One, the first bit of the film that is key is the theme of protection. For the parents, they take every precaution necessary in order to protect their children. As they lose one son to the monsters, their responsibility is only magnified. In a rare spoken moment, Evelyn reminds Lee that it is on them to protect these kids. If they cannot protect their own children, then who are they? Their whole identity is built around protecting their children, while Lee’s identity is built on protecting the children and Evelyn. As the husband, he feels this responsibility in a deeply ingrained way, while Evelyn feels that maternal instinct to protect her kin at all costs. This universal element - of protecting one’s children and family - proves to be the great emotional core of the film. It is the most revealing about the characters, even with Krasinski’s script being quite limited in character development as a whole. It is this emotion, however, that allows the audience to feel great pathos for these characters, as their problems and fears are their own. In this dangerous world in which they live, they want nothing more to protect their children. Yet, they must learn to live on their own and protect themselves. Lee is far more certain of this, trusting them to follow the plans and escape strategies he taught them to avoid the blind but ultrasonic hearing-equipped monsters. Evelyn, as the mother, is the one who wears her emotions on her sleeves, always expressing great concern for the well-being of the kids with so much danger around them.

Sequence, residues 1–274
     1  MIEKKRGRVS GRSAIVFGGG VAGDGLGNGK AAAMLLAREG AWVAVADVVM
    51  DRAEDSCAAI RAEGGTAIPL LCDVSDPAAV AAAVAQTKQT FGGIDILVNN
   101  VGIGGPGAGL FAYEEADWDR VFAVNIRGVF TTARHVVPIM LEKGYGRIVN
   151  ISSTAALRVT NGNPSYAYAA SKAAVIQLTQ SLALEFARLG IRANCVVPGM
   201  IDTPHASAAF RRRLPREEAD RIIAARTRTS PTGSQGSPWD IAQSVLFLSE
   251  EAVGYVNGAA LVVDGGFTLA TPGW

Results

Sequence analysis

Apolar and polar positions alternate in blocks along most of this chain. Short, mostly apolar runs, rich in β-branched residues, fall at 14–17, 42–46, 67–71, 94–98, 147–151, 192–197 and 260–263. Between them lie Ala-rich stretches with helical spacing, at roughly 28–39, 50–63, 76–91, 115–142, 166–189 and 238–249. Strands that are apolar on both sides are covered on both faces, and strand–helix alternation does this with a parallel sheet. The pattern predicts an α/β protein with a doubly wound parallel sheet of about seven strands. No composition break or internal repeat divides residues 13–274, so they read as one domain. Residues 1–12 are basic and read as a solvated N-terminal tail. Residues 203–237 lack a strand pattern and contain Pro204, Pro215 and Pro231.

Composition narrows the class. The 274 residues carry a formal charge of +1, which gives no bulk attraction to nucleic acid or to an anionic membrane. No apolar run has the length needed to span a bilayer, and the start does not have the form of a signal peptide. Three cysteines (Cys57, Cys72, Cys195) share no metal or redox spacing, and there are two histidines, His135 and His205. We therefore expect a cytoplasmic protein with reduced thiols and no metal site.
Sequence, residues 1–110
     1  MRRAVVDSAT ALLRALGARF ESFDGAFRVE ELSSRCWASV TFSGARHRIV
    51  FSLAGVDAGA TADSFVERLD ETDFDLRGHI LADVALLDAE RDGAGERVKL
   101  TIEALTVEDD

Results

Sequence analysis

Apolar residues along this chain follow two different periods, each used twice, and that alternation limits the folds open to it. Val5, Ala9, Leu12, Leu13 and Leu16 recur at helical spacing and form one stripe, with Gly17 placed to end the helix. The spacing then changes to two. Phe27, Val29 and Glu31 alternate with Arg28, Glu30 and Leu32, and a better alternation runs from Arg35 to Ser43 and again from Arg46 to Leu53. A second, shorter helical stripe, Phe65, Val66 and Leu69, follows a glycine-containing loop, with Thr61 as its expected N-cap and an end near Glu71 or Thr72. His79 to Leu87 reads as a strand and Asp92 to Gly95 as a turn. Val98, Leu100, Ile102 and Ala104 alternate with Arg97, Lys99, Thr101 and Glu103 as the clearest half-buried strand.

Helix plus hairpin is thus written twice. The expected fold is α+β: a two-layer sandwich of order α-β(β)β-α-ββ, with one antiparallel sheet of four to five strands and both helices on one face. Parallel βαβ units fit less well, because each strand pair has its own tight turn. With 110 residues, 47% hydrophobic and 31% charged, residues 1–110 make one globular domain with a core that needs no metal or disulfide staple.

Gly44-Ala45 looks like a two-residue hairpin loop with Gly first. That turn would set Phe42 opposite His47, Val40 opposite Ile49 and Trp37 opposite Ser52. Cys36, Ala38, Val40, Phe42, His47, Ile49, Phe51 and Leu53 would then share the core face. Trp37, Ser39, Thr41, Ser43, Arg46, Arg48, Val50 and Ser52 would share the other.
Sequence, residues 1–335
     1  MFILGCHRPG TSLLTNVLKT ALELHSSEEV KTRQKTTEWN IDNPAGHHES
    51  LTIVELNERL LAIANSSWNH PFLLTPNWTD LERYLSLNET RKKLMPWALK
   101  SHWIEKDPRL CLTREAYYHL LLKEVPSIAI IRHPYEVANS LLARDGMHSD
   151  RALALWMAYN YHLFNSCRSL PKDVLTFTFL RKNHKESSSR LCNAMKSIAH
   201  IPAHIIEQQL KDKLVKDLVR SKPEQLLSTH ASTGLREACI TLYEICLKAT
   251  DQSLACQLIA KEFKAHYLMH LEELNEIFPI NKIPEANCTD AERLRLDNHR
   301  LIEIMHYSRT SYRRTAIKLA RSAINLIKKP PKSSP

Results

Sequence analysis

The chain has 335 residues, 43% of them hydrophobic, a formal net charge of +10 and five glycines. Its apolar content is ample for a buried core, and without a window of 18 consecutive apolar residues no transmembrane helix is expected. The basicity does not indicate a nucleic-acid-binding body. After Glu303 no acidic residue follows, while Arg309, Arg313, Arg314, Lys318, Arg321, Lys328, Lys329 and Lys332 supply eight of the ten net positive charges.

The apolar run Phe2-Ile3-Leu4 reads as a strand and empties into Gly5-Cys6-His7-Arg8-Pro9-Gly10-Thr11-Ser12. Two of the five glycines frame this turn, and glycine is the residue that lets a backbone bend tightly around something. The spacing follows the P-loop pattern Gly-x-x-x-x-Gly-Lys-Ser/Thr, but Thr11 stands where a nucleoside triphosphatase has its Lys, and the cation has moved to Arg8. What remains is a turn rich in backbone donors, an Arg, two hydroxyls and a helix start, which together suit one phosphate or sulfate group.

It is that difference - Lee being protector and confident father, while Evelyn is a protector but a worried mother - that brings in the second major point of the film: gender roles. The film’s gender roles are certainly quite archaic. Coupled with the film’s focus on the religion of its characters and how important of a role it plays in their lives and the fact that Evelyn kept and gave birth to a baby in such troubled times (which has given way to some pro-life readings of the film), it is clear that the film is trying to portray a world in which people have reverted to the way things were in hunter-gatherer societies. Though equipped with modern touches, the men hunt, the women gather, and the forces outside of their world pose great danger. Whether that great danger is enemy factions or of dangerous creatures in the woods - honestly, these monsters feel a bit like something one would read of from Indian mythology about creatures that lurk in the woods and kill anything that makes a sound - the danger is there. Thus, the film is not necessarily saying that women are lesser or better as nurturers - though Evelyn, until the final act, perfectly fits into Laura Mulvey’s theory on the role of women in films as the child-rearer as well as having to be punished with Evelyn stepping on a nail as her punishment - but the film is instead attempting to portray a society reverting to old norms. As such, aborting a child is barely an option. She is pregnant and will give birth. Not only did religion prohibit it, but there was little-to-no way to actually abort a baby without putting the mother in grave danger as a result. Thus, it is a bit misleading to call A Quiet Place a pro-life film, just as it would be misleading to call it sexist. It may portray archaic gender roles and ideals, but it does so for a point.